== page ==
I have to say that I haven't actually read this book, but I have read about it.  I haven't read it because I'm sure it would make me mad. Injustice makes me mad, you see.  I already have a chronic sleep disorder; so, I don't need anything else contributing to it.  The book may not be perfect, but I'm sure it has some relevant observations.

These are just my own opinions as to how the ancient Greek ideal has been distorted in modern times.  I certainly have not said the final word; so, I would invite anyone to post further comments.  Please feel free to disagree with me or ask me for a clarification if you have any questions.  Discussion:  That's what this forum is for!  Smile

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Re: Whatever happened to the "Greek ideal"?

Post by Snesgamer on Thu Sep 26, 2013 5:20 pm

Thanks for the greet, but I was actually a member of the old boards:) 

Yes, it is sad what they have done under the name of "Physical Education". If their real goal was to get kids healthier and to lose weight, they would treat each kid as a unique individual with unique abilities, and grade them based on that instead of forcing them to play a game with kids who hate them for not being as physically capable.

I myself took up karate later on in life, and I am much happier with it than I ever was in the joke of "PE" programs I attended while in school.
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Re: Whatever happened to the "Greek ideal"?

Post by Earl on Fri Sep 27, 2013 6:36 am

I would have posted this evening, but I was busy and ran out of time.  Sorry.  Sad  I'll post tomorrow sometime.  Stay tuned. . . . Smile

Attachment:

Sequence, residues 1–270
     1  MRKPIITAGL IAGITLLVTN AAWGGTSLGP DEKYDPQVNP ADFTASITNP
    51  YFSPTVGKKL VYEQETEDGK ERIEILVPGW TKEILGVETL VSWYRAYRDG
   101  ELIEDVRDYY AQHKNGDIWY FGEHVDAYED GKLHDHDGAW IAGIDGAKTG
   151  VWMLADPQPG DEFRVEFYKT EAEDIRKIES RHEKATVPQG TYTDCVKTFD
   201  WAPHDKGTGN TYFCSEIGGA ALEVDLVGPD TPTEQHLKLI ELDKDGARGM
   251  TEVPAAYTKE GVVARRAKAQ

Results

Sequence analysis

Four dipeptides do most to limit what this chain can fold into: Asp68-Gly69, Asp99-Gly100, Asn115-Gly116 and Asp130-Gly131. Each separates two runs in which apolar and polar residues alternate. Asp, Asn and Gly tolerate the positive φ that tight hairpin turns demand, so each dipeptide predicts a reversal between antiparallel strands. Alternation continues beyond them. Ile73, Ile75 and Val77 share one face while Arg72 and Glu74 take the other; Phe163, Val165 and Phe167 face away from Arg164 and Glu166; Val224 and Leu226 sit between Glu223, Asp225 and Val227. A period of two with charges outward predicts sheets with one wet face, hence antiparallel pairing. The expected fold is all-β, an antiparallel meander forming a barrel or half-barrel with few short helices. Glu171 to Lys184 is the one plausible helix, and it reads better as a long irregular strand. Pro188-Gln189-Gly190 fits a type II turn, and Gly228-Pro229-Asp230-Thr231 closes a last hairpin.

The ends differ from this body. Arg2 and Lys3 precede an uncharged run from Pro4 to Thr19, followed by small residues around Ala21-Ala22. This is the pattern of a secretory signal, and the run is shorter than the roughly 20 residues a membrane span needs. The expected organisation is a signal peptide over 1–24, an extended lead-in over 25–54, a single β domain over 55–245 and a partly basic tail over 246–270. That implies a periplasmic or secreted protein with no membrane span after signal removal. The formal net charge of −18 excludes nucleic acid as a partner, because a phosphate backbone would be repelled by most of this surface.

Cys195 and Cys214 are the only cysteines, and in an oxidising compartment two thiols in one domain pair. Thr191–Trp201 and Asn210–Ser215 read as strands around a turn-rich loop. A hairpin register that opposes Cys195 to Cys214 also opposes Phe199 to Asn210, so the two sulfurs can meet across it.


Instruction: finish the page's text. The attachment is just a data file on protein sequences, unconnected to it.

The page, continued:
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Re: Whatever happened to the "Greek ideal"?

Post by Skul on Fri Sep 27, 2013 3:15 pm

Snesgamer wrote:Thanks for the greet, but I was actually a member of the old boards:)
I knew I recognised the name! Mr. Green!

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Re: Whatever happened to the "Greek ideal"?

Post by Big Fat Heretic on Fri Sep 27, 2013 6:18 pm

Snesgamer wrote:You know, where sports or physical activity were regarded as elements of, not the end-all be-all, of self-perfection?

The ancient Greeks believed that keeping one's body as physically fit as possible was healthy for the mind, which they also encouraged training to its utmost potential.

I have not seen a modern sports system that encouraged a holistic overall picture of health instead of saying "hey - we're jocks! We don't need no brains!"
Well, in the old Sports Sucks forum, a had said a few times that sports was invented about 2,500 years ago, by rich old men who smelled bad, and enjoyed having sex with young athletic males and little boys!

Perhaps that was when Greek civilization began it's decline.

Well, actually . . . . . ancient Rome was a sports obsessed culture during it's decline.

Yeah! Free bread and circuses, anyone???

Anyway . . . . . . .

I remember a rather long article I had posted in the old forums about ancient sports. I don't remember if it was the Incas or the Mayans, I'll have to do a Google search for it again.

But, it was a ball game that was based on what ancient astronomers knew about the planetary cycles.

Their culture was obsessed with math and really big numbers, and they had a base 20 number system, and they were able to predict lunar and solar eclipses far into the future, as accurately as astronomers can do today. Amazing, when you considered that they only used an abacus since they didn't have computers.

I wish our culture was more obsessed with mathematics and science.
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Re: Whatever happened to the "Greek ideal"?

Post by Snesgamer on Fri Sep 27, 2013 9:32 pm

Big Fat Heretic wrote:
Snesgamer wrote:You know, where sports or physical activity were regarded as elements of, not the end-all be-all, of self-perfection?

The ancient Greeks believed that keeping one's body as physically fit as possible was healthy for the mind, which they also encouraged training to its utmost potential.

I have not seen a modern sports system that encouraged a holistic overall picture of health instead of saying "hey - we're jocks! We don't need no brains!"
Well, in the old Sports Sucks forum, a had said a few times that sports was invented about 2,500 years ago, by rich old men who smelled bad, and enjoyed having sex with young athletic males and little boys!

Perhaps that was when Greek civilization began it's decline.

Well, actually . . . . . ancient Rome was a sports obsessed culture during it's decline.